January 18, 2018

"The water rushes calmly along as if everything was all right in the world."

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I sit and watch the river. The water rushes calmly along as if everything was all right in the world. I find it almost unbearable that so close to all the surrounding fighting and commotion there could be such a peaceful spot, sitting under the shade of a tree watching the patient flow of the river. But I don’t know why I say unbearable, it was simply the first word that came to mind. Staring at the water I start to calm down a little, which makes me more aware of how much stress I’ve been holding in my body. I’ve never been especially interested in nature. But there is this river in front of me, and it is the first thing I’ve looked at for any length of time in many days where I don’t also feel someone might immediately bomb it. Who would possibly bomb a small river? I start to think about the blood I just washed out of my clothes, about the man who rushed out into the street to pull me from the crossfire. He really didn’t need to do that. He probably saved my life, definitely at the risk of his own, and asked nothing in return. I wonder what he was thinking as he did so. (He was probably thinking how stupid I was to just be standing there in the line of fire. Or maybe that I was paralyzed by shock and clearly needed assistance.) He knows nothing about me and I know nothing about him. But, then again, he’s living in war, must risk his life all the time, purposefully or otherwise. You see someone in danger and simply rush forward to save their life. You don’t think. It’s not a philosophical moment. You have a split second to act and so you act. And in that way it of course is, also, a philosophical moment. I think again, and over again, about that split second moment in which he saved me and his action seems almost like the opposite of how I’ve lived my entire life. Over and over again I stopped to think, to drift, to daydream, to consider, while moment after moment passed me by. I suppose one might say I was daydreaming when he saved my life. Or not exactly daydreaming but paralyzed, which often seems to me to be more or less the same thing. And walking is another form of daydreaming. When I think this way, despite having come here, I can’t help but feel that I still don’t know what I’m talking about. I hope he’s still alive. (But of course he’s still alive, because in this book no one dies.) I feel that already the luck I’ve had is highly improbable. Twice I was dead but each time not quite. Twice I was dead.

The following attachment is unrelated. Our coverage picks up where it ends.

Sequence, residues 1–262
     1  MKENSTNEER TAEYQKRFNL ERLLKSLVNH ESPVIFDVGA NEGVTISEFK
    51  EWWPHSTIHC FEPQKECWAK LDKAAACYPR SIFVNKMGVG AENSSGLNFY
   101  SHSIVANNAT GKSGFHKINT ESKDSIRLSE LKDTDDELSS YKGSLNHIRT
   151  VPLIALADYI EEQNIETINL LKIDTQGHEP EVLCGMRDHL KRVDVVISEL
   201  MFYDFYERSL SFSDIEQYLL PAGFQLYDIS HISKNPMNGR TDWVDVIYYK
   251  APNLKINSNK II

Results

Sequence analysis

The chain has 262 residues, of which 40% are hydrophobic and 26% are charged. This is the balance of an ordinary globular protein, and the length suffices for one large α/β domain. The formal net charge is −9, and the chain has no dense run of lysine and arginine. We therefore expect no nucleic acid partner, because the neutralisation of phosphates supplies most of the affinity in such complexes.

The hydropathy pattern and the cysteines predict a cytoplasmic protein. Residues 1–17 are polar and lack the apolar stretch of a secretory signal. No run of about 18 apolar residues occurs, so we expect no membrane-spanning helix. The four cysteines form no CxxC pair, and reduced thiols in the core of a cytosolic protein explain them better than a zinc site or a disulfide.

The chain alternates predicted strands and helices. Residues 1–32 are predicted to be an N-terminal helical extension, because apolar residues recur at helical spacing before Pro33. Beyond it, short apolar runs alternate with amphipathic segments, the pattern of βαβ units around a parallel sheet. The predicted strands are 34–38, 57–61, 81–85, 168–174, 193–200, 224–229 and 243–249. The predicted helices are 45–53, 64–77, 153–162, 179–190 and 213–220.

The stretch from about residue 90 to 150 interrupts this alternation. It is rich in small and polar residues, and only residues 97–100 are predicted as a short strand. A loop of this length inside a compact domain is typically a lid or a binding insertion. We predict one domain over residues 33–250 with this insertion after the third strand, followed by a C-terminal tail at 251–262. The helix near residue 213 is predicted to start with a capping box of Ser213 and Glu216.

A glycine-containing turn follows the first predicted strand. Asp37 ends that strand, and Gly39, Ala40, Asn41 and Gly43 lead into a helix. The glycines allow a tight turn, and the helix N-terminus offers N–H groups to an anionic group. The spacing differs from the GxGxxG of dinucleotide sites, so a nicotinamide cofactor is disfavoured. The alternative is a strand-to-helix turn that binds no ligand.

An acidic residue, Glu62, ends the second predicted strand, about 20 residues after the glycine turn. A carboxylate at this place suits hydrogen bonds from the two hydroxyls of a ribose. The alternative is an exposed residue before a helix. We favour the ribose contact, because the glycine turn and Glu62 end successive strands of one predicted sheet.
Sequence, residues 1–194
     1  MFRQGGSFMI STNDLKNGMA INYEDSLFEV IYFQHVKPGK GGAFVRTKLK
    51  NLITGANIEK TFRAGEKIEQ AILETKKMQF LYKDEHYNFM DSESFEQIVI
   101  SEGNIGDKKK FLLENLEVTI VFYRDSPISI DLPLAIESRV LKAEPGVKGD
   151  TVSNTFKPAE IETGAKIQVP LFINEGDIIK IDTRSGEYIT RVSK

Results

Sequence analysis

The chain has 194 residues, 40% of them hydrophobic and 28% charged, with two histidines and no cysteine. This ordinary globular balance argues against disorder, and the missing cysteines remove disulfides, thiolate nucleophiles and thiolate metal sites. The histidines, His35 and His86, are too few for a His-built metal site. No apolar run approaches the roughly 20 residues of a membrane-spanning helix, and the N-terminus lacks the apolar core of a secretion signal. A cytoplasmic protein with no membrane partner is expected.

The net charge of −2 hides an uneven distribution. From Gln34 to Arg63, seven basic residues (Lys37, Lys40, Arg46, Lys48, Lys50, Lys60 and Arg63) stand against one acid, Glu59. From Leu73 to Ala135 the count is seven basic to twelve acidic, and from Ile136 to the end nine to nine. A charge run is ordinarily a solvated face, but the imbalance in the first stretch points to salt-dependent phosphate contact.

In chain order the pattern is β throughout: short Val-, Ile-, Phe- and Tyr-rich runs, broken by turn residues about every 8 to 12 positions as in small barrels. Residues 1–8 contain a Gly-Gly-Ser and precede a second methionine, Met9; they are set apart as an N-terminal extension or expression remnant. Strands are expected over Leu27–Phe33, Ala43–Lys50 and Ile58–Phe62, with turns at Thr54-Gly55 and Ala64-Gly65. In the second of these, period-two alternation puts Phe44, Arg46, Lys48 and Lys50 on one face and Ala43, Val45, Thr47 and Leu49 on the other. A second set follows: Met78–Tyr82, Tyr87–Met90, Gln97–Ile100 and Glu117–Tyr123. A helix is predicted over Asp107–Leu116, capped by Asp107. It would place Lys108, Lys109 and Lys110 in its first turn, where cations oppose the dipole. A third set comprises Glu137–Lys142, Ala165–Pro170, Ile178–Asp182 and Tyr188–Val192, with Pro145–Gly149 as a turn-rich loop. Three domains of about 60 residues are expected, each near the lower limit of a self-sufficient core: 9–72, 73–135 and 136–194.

Staring at the river, I start to pay more attention to how I’m feeling. I of course don’t feel well at all, like I’ve been poisoned followed by a physical beating. My breathing is labored, most likely from all the dust and debris, but perhaps also from a sense of pure and sustained panic. I have traveled, come here. I am not having a transformative experience. The water flows past me and I watch, wondering so many things at once I can barely think straight. This is a quiet, contemplative moment – perhaps my last one for a while, or ever – and I feel I should use it to put my thoughts in order. All I do is think yet not always in my own best interests. Am I actually learning anything about war, what it feels like to be in the midst of it all. It feels fucking terrible but I must have known that already. I fear I’ve always felt that one travels so far only to learn what one already knew, which is why, in the past, I’ve traveled so rarely. Would I learn more if I spoke to people? Why am I not talking to anyone? Because I don’t want to bother them, they have enough problems without having to answer my naïve questions. Because there’s no one to introduce me and absolutely no reason they should trust me or my approach. Because I’m ashamed, ashamed that I’ve taken this trip in the first place, and don’t want them to find out the reasons I’ve come here. Because I believe, from their perspective, I am the enemy, even though for many other reasons they might not necessarily treat me like one. I sleep for a few hours, then repack my things and continue walking. My clothes are still ever-so-slightly damp but I put them back on anyway, hoping the sun will dry them as I walk. I don’t know why I’m not more afraid that someone or something will kill me in my sleep. In a way, before I came here, I must have believed my thinking was clear. But now I see that my thinking has only ever been confused. I’m completely confused about war (mainly about how to stop it) and about living and dying and desire. Before I came it was clear I had some desire to do so. But what exactly was that a desire for. I know the answer to this question now less than ever.

- Jacob Wren, from the work-in-progress Dry Your Tears to Perfect Your Aim



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